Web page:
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Post number 25692Forum: Pagan and Occult Authors   Posted: Today at 9:21   Subject: The Charge of the Goddess – Who really wrote it?

The Charge of the Goddess – Who really wrote it?

This week I kept bumping into various articles on Wicca, and in particular the Charge of the Goddess, in rather unexpected ways. I love the text of the Charge, but I have a personal annoyance with the way it is attributed to Doreen Valiente. The fact is, even though it is sometimes heretical to say so, Doreen Valiente did not write the Charge of the Goddess.

This is also not a revelation, because Doreen herself in her book The Rebirth of Witchcraft (1987) claimed that she edited the earlier Lift up the Veil Charge she encountered in Gerald Gardner’s Book of Shadows to remove a section which was taken directly from Aleister Crowley’s Gnostic Mass. By comparing the two versions, both of which have been in the public domain for many years, it is evident that the second half of the Charge of the Goddess is indeed significantly different from the earlier Lift up the Veil version.

But there is another curious anomaly with Doreen’s story. In The Rebirth of Witchcraft Doreen wrote that she rewrote the Charge “cutting out the Crowleyanity as much as I could”. Which is a strange claim considering that so much of the earlier material by Crowley, which she removed, was replaced by more work by Crowley – but there might be an explanation.

This analysis, which is adapted from the more detailed analysis in the 2008 book Wicca: Magical Beginnings, which I co-authored with David Rankine, illustrates just how much of the Charge comes directly from, or has been directly influenced by earlier work.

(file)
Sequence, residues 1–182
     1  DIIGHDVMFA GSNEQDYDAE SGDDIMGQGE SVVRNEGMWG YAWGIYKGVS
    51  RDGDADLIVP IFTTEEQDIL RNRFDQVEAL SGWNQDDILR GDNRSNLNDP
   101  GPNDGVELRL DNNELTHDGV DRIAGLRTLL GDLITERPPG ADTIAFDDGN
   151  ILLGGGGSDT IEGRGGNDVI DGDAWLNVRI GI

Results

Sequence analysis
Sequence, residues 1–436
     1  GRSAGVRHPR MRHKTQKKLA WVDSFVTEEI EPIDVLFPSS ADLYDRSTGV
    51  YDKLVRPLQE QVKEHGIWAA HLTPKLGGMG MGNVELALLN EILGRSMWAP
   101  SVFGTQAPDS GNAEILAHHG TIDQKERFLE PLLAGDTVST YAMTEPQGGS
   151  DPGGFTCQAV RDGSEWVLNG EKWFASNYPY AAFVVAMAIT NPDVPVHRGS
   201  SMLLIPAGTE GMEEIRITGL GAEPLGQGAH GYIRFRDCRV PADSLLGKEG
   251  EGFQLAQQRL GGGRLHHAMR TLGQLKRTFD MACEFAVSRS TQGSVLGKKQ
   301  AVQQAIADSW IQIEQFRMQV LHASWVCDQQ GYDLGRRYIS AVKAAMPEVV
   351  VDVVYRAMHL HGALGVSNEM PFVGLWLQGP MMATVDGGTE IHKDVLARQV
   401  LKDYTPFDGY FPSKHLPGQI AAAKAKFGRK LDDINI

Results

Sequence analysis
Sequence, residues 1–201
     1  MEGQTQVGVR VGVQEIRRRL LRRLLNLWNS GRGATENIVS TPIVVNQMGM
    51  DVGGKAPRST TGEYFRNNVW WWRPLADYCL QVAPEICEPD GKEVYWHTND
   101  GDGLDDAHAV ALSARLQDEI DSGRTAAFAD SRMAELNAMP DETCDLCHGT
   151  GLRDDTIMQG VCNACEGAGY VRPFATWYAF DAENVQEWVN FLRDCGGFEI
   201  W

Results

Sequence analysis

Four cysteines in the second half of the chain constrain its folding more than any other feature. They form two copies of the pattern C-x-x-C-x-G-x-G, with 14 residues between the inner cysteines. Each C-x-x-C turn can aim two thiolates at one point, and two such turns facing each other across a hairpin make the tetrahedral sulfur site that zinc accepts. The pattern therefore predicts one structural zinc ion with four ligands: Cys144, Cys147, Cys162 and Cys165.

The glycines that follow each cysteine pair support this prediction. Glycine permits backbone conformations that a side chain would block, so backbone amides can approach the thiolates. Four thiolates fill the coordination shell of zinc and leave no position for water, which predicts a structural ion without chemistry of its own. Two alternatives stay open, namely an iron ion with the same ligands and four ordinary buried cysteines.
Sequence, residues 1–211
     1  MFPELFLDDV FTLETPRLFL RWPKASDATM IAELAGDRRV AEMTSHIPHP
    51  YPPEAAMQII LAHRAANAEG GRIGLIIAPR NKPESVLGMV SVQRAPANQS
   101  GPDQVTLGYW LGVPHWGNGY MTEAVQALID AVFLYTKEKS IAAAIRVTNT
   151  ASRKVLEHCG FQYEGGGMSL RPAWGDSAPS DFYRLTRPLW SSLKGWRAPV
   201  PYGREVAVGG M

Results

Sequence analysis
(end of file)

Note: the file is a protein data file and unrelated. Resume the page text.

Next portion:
The Cyberbully in Paganism, Wicca and the Occult. Textual Analysis: The Charge of the Goddess
(Much of this was published in 2005, 2008 in WMB)

The Charge commences with:

“Whenever ye have need of anything, once in the month, and better it be when the Moon is full. Then ye shall assemble in some secret place and adore the spirit of Me who am Queen of all Witcheries. There ye shall assemble, ye who are fain to learn all sorcery, yet who have not won its deepest secrets. To these will I teach things that are yet unknown. And ye shall be free from slavery, and as a sign that ye be really free, ye shall be naked in your rites…”

This is nearly verbatim from the 1899 book by Charles G. Leland, Aradia: Gospel of the Witches:

“Whenever ye have need of anything, once in the month, and when the Moon is full, ye shall assemble in some desert place, or in a forest all together join to adore the potent spirit of your queen, My mother, great Diana. She who fain would learn all sorcery yet has not won its deepest secrets, them my mother will teach her, in truth all things as yet unknown. And ye shall all be freed from slavery, and so ye shall be free in everything; and as the sign that ye are truly free, ye shall be naked in your rites, both men and women also. ”

The Charge then continues:
“…and ye shall dance, sing, feast, make music, and love, all in my praise. ”

Which again comes from Leland’s Aradia, adapted from the following:
“… and, the feast over, they shall dance, sing, make music, and then love in the darkness, with all the lights extinguished: for it is the Spirit of Diana who extinguishes them, and so they will dance and make music in her praise. ”

It continues:

“For mine is the ecstasy of the Spirit, and mine is also joy on earth.
For my Law is Love unto all beings. ”

This is where it starts getting strange, as the above appears to be cobbled together from Aleister Crowley’s Law of Liberty, quoting “ecstasy be thine and joy of earth” (AL I. 53) and “love is the law” (AL I. 57). Followed by more Crowley:

“Keep pure your highest ideal. Strive ever towards it. Let naught stop you or turn you aside. “

This time taken from Crowley’s Law of Liberty, where he wrote: “Keep pure your highest ideal; strive ever toward it, without allowing aught to stop you or turn you aside. ” This key line refers to the concept of the true will, and doing only what is right to achieve your full potential.

The Charge continues:
“For mine is the secret door which opens upon the land of youth; ”

This is rewritten from the earlier version of the Charge (Lift Up the Veil), which draws more directly from Liber Al, “There is a secret door that I shall make to establish thy way in all the quarters” (AL III. 3[Cool].

And then:... read on... ... ly-wrote-it/
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